Contractors affected by a “draconian” tax avoidance rule continue to be at risk of taking their own lives, a cross-party group of Parliamentarians has warned.
The 2019 Loan Charge was introduced to tax users of “disguised remuneration” umbrella company schemes in which contractors were paid the majority of their contract receipts in tax-free loans via offshore entities such as trusts. Controversially, however, the tax rule applies to the outstanding loan balances, giving it a quasi-retrospective scope.
Users of the umbrella schemes, who were under the impression that the schemes were legal at the time they were paid through them, have now been left with substantial tax bills, in some cases spanning several years’ payments. Campaigners, including tax professionals, have argued that the retrospective nature of the charge is unconstitutional and contrary to the established principle of being able to plan one’s tax affairs with certainty. The scope of the charge, initially twenty years, was limited to loan payments made after December 2010 after a review of the levy by Sir Amyas Morse last December.
Several individuals are reported to have taken their own lives as a direct result of the financial ruin caused by crippling tax bills under the 2019 Loan Charge. The cross-party Loan Charge All-Party Parliamentary Group (APPG), which has lobbied for the charge to apply only to payments from the date it was enacted onwards, warned again on Monday that the suicide risk remains high amid the economic chaos of the Covid-19 pandemic.
“We appreciate that there is so much going on at the moment in this country & politically, but we do need to remind journalists & other MPs that there remains a serious suicide risk if the #LoanCharge remains in place retrospectively back to 2010,” said the APPG in a tweet.
They went on to quote written evidence they had received by an affected taxpayer: “I have been extremely depressed and have had suicidal thoughts thinking about how this will affect my financial situation in having to pay back potentially thousands of pounds and how thousands of people are let off having to pay nothing….
“I will be due tens of thousands of pounds and will never be able to pay my mortgage and essential household bills unless I sell my home, declare bankruptcy and potentially become homeless.”
The APPG had previously written to chancellor of the exchequer Rishi Sunak in April expressing their concerns that the economic shutdown caused by the Covid-19 pandemic would highly exacerbate an already perilous situation for those affected by the Loan Charge, with many out of work and unable to access the Self-Employed Income Support Scheme (SEISS), but still being chased by HMRC for tax due under the levy.
“We are writing as a matter of urgency following the announcement of financial assistance for some self-employed people facing the Covid-19 crisis and the lockdown,” said the APPG in their letter to Mr Sunak.
“This has a direct and seriously problematic impact for people facing the loan charge and awaiting the final form of the legislation.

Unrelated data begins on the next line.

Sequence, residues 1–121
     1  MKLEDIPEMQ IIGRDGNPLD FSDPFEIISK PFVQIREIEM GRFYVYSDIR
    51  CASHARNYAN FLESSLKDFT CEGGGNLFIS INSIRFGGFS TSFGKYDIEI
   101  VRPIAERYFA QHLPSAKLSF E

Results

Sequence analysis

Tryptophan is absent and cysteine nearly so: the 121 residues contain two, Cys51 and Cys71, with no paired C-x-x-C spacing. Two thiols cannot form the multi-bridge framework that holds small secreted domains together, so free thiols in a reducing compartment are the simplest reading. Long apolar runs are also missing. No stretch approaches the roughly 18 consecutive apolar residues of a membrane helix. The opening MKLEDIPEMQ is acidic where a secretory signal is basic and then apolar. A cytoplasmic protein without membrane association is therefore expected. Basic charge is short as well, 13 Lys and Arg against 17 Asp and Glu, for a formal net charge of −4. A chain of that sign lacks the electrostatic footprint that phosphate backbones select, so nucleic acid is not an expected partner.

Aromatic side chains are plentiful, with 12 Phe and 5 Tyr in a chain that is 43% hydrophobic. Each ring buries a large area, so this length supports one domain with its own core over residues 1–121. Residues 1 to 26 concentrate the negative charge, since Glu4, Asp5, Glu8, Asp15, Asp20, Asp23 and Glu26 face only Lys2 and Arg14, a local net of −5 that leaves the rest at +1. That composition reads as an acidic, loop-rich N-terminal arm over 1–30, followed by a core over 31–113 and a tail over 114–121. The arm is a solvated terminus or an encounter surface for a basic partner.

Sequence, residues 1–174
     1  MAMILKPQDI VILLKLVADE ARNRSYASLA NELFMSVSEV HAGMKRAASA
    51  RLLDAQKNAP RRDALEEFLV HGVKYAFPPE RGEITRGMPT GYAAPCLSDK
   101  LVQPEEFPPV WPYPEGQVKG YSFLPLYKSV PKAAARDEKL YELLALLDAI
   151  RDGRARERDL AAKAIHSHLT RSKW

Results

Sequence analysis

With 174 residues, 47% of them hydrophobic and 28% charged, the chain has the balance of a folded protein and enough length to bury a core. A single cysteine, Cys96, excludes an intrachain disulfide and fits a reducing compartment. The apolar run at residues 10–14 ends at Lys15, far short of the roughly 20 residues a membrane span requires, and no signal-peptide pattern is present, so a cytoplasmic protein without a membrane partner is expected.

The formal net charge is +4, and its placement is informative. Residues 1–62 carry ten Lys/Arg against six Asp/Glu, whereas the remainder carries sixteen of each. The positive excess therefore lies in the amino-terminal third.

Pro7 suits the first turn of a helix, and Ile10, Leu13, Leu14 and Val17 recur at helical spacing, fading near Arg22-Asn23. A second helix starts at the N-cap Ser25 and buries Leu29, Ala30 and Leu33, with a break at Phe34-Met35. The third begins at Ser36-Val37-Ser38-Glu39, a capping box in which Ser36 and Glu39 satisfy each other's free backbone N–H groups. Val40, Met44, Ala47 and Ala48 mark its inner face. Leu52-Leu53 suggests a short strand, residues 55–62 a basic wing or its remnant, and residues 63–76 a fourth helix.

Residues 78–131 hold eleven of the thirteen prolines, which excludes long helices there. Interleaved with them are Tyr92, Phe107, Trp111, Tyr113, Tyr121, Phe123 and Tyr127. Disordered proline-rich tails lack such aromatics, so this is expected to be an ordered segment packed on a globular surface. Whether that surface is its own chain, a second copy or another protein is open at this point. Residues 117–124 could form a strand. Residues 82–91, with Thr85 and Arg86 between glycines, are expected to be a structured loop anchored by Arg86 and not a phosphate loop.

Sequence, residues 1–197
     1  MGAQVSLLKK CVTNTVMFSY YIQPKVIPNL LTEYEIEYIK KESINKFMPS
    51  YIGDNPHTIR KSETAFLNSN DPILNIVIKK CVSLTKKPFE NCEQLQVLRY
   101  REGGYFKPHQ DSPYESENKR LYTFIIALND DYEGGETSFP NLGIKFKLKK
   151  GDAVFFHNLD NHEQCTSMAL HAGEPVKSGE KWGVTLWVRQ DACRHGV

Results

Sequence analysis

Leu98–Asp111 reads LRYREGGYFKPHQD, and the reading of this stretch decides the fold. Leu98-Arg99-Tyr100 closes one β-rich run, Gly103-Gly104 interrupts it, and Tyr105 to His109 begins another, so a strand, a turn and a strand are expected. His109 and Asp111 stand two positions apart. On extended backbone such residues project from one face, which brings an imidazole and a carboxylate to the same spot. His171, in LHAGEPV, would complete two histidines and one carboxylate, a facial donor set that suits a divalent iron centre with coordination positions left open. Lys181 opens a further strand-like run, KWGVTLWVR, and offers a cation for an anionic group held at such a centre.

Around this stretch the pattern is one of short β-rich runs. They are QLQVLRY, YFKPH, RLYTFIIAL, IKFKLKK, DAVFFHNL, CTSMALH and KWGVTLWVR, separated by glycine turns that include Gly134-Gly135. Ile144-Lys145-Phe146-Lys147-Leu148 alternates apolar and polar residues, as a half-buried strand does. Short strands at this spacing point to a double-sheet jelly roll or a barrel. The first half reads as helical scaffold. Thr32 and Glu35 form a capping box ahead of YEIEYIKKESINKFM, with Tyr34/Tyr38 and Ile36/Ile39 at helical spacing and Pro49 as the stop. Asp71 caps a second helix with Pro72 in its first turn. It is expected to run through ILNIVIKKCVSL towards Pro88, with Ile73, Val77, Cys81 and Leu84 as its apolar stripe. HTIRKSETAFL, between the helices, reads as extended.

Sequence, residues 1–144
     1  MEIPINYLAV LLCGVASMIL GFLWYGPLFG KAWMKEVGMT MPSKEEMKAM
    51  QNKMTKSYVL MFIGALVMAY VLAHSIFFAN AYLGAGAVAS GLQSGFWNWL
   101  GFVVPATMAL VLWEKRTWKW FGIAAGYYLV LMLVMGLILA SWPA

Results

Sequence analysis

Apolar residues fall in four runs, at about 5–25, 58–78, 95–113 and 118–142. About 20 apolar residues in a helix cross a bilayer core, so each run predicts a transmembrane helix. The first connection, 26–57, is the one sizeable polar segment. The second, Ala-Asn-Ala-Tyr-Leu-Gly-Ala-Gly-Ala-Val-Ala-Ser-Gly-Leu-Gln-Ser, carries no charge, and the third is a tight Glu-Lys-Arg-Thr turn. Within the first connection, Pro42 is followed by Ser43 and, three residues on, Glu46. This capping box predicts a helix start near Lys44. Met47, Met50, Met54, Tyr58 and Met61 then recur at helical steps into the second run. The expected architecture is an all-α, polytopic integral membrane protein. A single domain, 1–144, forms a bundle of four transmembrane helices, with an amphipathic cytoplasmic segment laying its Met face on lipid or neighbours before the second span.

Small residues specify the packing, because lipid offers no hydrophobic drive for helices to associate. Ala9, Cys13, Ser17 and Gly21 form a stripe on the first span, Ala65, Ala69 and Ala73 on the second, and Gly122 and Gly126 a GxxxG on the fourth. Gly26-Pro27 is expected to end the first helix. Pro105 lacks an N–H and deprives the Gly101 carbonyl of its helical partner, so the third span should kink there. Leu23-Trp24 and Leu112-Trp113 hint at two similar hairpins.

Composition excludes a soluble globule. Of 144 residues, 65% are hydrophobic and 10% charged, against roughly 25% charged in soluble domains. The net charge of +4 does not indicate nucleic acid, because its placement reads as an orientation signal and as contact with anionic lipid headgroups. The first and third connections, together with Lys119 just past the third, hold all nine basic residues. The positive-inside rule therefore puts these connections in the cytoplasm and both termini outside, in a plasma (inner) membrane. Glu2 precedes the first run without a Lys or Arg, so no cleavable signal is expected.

“The announcement has suddenly and unexpectedly put many thousands of people facing the loan charge in a very problematic position, as the financial assistance offered is only available to those who have already submitted (or who can now quickly finalise and submit) their 2018/19 tax return [by April 23]. The Government and HMRC have, as you know, told people facing the loan charge that their tax return does not need to be finalised until 30 September 2020, as changes are planned to the loan charge legislation in the forthcoming Finance Bill.
The letter, dated April 2, continues: “The requirement for people to finalise their 2018/19 tax returns in the next three weeks is putting people facing the loan charge issue in an impossible position. They are unable to finalise their tax returns until the final form of the loan charge legislation is known, which will not happen until the Finance Bill has been debated and passed by Parliament. Without finalising their tax return they are not able to access the financial assistance that they are entitled to and which is, in many cases, much needed.
“Previous announcements by the Treasury and HMRC had given people until the end of September 2020 to see the final legislation, to discuss settlements with HMRC and to finalise their tax returns. This was the right, and necessary, approach. But, under the unforeseen circumstances resulting from Covid-19 crisis, this no longer works for those who need to seek assistance from the newly announced self-employment scheme.
“For this reason, the loan charge must now be delayed. We call on you to make an announcement immediately that the loan charge will be deferred by one year and will now fall due on 5th April 2020, in the 2019/20 tax year.
“This will allow such individuals to complete their 2018/19 tax return immediately (without mention of the loan charge) and to access the government support which they so urgently require.”
In a written response to the APPG, Penny Ciniewicz, director general of customer compliance at HMRC, said: “”I can confirm that late filing penalties and interest will be waived, provided customers file their 2018-19 tax return by 30 September 2020, as previously announced.
“HMRC is working hard to support taxpayers affected by the Covid-19 outbreak. You will also be aware of the Chancellor’s announcement on measures to support the self-employed during the outbreak. Special arrangements will be put in place to ensure that those liable to the loan charge can benefit from the self-employed income support scheme where appropriate, even if they have not filed their 2018-19 tax return. Guidance will be published shortly on GOV.UK.”
The official Loan Charge guidance was updated on May 1.
The Samaritans can be reached 24 hours a day, 365 days a year by calling 116 123.
17th June 2020.